After the Reddit joke “don’t research the internet with what dinosaur has 500 teeth” went popular, the Nigersaurus became an online viral meme craze. Frequently, a simple google auto-suggestion triggers unusual events that pique public interest in a particular problem or subject. The Nigersaurus is in a similar situation. This voracious dinosaur, which lived 115 million years ago in Niger, a small West African country, was nothing like the meme! So, how did this one-of-a-kind dinosaur appear in its prime? And how did it come to be discovered? So, here’s a quick rundown on the fabled “dinosaur with 500 fangs.”
Nigersaurus was initially reported in a study paper by Phillippe Taquet in 1976. During a trip to the Republic of Niger in 1965-1972, this French palaeontologist uncovered the remains for the first time. However, because there was no complete skeleton, the find was frequently overlooked.
Near 1999, Paul Sereno, an American palaeontologist from Chicago University, led an excursion to the Elrahz Formation in Gadoyfaoua, Niger. He discovered the skeleton of this carnivorous dinosaur in its entirety. In 2007, Sereno and his colleague Jeffrey A. Wilson published another paper on the Nigersaurus skull and feeding behavior. He also gave the National Geographic Society in Washington a complete plastic model of the dinosaur’s head.
“Nigersaurus, you might recall, we named for bones recovered on the last expedition here three years ago,” Sereno wrote in his online journal on September 9, 2000. The head of this sauropod (long-necked dinosaur) is remarkable, with 500 thin teeth. One of the expedition’s main objectives is to locate the rest of this remarkable dinosaur so that we may describe and reconstruct it for everyone to see.”
What dinosaur has 500 teeth?
He also went into great detail about how the crew discovered this one-of-a-kind dinosaur with 500 teeth. “While going across a relatively flat terrain, Gabe made a startling find—the bones of a new plant-eating dinosaur were partially exposed at her feet,” according to his report. She brushed the sand from her top jaw with her hand. Parts of the backbone and hip bones were found nearby. The bones are from a skeleton that would be roughly 30 feet long, so this was a nasty client! As the field season progresses, we hope to find additional evidence of this sharp-toothed critter.”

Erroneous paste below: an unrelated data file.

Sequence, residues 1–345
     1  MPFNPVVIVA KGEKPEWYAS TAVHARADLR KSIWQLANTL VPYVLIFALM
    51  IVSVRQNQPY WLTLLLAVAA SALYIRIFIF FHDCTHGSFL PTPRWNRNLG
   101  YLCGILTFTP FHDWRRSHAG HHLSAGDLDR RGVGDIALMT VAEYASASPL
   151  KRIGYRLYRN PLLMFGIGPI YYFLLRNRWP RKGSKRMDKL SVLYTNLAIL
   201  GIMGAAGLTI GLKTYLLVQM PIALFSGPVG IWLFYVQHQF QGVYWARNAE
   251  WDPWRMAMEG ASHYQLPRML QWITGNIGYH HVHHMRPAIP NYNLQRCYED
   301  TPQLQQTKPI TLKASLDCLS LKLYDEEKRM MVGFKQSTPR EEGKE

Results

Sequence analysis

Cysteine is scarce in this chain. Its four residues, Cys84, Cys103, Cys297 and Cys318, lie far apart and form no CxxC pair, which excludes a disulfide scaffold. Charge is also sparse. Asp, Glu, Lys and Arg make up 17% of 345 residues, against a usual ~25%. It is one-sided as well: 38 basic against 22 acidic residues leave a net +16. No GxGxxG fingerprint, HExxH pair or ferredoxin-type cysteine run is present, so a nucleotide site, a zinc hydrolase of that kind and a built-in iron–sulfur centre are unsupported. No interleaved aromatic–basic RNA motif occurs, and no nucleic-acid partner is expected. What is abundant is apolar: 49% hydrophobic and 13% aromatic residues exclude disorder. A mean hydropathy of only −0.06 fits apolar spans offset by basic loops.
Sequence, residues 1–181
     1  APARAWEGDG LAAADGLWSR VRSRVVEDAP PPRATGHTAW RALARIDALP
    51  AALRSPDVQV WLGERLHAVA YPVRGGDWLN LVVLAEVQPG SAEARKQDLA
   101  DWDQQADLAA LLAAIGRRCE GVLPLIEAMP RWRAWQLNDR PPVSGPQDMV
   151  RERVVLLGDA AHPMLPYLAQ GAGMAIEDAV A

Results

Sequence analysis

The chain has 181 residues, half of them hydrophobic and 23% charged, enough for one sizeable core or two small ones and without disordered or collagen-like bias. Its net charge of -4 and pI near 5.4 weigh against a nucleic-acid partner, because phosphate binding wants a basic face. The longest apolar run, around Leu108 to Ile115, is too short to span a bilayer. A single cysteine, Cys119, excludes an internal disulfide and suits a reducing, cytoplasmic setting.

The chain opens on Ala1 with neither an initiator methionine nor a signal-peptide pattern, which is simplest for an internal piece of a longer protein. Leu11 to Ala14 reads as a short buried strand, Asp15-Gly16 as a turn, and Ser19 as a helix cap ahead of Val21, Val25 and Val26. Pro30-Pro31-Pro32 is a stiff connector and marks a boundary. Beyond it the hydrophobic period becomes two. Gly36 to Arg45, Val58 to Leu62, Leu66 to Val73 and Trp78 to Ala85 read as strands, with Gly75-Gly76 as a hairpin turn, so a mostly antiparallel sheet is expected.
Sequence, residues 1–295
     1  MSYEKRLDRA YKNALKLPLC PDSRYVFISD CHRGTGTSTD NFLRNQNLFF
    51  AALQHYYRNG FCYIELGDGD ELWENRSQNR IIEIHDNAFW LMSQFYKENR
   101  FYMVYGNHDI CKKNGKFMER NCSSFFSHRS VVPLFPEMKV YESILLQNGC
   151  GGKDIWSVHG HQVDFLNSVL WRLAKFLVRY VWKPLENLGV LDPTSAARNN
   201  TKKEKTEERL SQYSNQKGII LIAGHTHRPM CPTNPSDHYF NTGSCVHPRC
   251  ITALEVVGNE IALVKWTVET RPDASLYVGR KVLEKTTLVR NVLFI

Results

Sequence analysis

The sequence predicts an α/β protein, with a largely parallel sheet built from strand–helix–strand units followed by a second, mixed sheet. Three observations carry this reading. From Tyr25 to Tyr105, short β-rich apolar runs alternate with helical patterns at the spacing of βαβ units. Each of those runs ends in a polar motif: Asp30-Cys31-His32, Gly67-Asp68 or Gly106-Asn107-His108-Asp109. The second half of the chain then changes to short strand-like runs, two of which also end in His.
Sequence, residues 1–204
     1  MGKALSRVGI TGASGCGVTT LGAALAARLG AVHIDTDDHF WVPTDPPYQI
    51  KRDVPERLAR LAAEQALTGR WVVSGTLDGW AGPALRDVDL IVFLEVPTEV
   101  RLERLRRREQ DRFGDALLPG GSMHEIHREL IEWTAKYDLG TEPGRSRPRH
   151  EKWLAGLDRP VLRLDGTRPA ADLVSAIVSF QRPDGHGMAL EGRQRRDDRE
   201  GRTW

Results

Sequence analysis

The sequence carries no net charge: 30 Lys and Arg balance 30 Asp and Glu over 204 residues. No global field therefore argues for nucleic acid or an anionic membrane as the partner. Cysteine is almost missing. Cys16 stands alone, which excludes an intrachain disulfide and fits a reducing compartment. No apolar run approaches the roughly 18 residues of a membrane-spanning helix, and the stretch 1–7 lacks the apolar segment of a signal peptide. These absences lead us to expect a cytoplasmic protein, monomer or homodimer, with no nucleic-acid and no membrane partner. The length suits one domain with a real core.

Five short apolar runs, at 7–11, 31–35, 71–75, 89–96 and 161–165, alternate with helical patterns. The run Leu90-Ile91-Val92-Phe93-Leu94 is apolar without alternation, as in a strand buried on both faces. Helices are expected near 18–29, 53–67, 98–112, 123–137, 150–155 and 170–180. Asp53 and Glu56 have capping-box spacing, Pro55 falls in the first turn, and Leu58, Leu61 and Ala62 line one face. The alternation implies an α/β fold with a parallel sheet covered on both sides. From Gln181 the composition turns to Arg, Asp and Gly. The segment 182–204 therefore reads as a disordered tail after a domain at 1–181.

Other fossils connected to this 500-toothed dinosaur have also been identified in Brazil. However, a full fossil has yet to be discovered. As a result, it was impossible to create a full skeleton of the famous Nigersaurus. Nonetheless, paleontologists are doing their best to do in-depth research in order to learn more about this ancient millennia mammal.
What is the significance of the name?
Because of its unusual name, Nigersaurus has been a target for online memes. If you look attentively, though, you’ll notice that the name is a scientific manner of naming dinosaurs. Nigersaurus taqueti is the scientific name for this dinosaur, which belongs to the genus “Nigersaurus,” which means “Niger reptile” or “Niger reptile” (republic of niger).
The name of the species is also a nod to Phillippe Taqueti, who was the first to mention this dinosaur.
Is it true that it had 500 teeth?
In a technical sense, it did. The skull of Nigersaurus possessed 500 thin teeth. All of these teeth, however, were not permanent. Nigersaurus possessed 500 teeth in all, including permanent and replacement teeth!
What did this 500-toothed dinosaur look like?